If you go on a mission to preach the Gospel with lightness and frivolity in your hearts, looking for this and that, and to learn what is in the world, and not having your minds riveted—yes, I may say riveted—on the cross of Christ, you will go and return in vain. Go forth weeping, bearing precious seed, full of the power of God, and full of faith to heal the sick even by the touch of your hand, rebuking and casting out foul spirits, and causing the poor among men to rejoice, and you will return bringing your sheaves with you [see Psalm 126:5–6]. Let your minds be centered on your missions and labor earnestly to bring souls to Christ (DBY, 325).

Dedicate them [your loved ones] to the Lord God of Israel, and leave them at home; and when you are in England, or among other nations, no matter where, when you pray for your families, pray for them … and do not bring them close to you, as though they were in your carpetbag. Pray for them where they are. You must feel—if they live, all right; if they die, all right; if I die, all right; if I live, all right; for we are the Lord’s, and we shall soon meet again (DBY, 324).

When men enjoy the spirit of their missions and realize their calling and standing before the Lord and the people, it constitutes the happiest portions of their lives (DBY, 328).

early missionaries

Missionaries of the Church in Echo Canyon, Utah, 1867. Early missionaries taught the gospel in England, Europe, and the islands of the Pacific Ocean.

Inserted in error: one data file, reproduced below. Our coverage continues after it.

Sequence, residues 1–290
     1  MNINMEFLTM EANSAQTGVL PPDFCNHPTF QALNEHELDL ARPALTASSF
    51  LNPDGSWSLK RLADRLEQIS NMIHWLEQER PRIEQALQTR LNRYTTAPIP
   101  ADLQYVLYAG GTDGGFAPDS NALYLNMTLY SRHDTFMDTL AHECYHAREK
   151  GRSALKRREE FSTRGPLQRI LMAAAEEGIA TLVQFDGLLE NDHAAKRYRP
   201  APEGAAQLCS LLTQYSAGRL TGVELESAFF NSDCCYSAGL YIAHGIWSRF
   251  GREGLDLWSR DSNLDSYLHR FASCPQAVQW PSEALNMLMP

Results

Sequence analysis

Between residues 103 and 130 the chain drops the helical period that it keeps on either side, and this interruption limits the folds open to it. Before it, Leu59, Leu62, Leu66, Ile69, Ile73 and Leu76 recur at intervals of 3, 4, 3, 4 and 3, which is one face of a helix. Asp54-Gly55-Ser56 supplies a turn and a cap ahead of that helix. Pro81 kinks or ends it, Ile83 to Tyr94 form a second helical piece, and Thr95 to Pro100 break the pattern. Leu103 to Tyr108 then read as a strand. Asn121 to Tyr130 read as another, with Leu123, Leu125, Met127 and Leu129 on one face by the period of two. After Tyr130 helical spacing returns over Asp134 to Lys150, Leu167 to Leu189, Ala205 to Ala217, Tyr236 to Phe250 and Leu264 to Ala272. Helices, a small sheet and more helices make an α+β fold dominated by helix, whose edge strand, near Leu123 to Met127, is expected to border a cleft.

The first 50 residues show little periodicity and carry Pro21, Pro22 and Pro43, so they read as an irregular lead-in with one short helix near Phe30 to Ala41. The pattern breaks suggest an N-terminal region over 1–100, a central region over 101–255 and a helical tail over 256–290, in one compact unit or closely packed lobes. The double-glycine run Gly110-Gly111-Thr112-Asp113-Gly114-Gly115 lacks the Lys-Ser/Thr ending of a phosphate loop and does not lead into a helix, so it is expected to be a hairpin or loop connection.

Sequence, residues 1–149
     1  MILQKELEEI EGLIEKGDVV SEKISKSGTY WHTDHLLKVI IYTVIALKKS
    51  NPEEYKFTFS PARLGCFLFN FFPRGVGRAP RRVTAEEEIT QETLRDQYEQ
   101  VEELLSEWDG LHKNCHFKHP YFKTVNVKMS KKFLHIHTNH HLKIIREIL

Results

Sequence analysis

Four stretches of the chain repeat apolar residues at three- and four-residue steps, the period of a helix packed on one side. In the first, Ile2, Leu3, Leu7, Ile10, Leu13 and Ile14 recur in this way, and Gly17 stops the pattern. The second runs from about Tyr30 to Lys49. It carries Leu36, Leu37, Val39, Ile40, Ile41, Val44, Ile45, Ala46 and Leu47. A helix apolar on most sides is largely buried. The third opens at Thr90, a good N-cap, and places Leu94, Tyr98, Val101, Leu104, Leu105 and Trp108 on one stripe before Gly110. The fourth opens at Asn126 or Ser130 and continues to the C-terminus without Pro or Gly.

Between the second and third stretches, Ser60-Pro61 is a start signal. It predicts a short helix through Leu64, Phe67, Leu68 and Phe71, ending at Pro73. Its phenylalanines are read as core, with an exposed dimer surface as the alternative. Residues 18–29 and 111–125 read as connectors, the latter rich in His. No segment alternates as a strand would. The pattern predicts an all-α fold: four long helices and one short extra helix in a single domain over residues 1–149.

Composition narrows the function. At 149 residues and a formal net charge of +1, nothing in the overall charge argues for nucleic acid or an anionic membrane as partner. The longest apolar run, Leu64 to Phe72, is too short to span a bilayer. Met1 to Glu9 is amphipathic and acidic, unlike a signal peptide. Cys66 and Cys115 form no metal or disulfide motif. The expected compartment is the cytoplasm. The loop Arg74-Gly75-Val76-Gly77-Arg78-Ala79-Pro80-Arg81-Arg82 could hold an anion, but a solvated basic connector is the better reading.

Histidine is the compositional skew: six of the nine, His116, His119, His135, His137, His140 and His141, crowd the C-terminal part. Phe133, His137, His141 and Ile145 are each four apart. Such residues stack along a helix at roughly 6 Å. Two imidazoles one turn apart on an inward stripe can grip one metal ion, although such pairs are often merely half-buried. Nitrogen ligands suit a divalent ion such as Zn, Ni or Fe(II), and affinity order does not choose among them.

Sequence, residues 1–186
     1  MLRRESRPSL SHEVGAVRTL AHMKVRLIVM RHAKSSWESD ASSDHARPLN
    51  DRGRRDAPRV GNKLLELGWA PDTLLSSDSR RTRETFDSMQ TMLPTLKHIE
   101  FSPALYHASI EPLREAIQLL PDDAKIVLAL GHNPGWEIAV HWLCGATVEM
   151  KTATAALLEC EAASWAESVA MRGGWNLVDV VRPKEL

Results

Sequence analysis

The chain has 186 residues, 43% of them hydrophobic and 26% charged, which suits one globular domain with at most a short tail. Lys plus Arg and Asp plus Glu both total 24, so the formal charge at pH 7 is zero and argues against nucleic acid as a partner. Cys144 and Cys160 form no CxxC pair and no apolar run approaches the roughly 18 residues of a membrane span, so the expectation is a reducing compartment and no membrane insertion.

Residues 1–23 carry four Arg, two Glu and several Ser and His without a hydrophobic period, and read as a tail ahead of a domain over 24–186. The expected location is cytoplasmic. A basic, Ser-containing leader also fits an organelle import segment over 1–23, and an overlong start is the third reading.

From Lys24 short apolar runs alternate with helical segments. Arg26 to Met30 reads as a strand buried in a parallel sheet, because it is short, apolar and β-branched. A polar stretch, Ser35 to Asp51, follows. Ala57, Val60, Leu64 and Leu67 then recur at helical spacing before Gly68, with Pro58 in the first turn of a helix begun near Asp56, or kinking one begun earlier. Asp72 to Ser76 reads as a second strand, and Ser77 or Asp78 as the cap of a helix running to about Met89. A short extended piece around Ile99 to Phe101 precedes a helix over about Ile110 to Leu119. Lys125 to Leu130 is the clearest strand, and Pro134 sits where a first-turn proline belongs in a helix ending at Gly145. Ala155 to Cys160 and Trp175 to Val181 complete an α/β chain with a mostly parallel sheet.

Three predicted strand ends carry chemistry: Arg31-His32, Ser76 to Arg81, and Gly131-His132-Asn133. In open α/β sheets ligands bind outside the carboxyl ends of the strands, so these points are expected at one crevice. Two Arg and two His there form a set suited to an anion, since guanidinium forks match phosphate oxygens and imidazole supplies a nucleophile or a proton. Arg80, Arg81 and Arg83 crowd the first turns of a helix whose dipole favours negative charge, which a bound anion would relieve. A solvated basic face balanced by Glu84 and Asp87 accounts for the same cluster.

The Spirit, not logic or debate, converts people to the gospel of Jesus Christ.

I had only traveled a short time to testify to the people, before I learned this one fact, that you might prove doctrine from the Bible till doomsday, and it would merely convince a people, but would not convert them. You might read the Bible from Genesis to Revelation, and prove every iota that you advance, and that alone would have no converting influence upon the people. Nothing short of a testimony by the power of the Holy Ghost would bring light and knowledge to them—bring them in their hearts to repentance. Nothing short of that would ever do. You have frequently heard me say that I would rather hear an Elder, either here or in the world, speak only five words accompanied by the power of God, and they would do more good than to hear long sermons without the Spirit. That is true, and we know it (DBY, 330).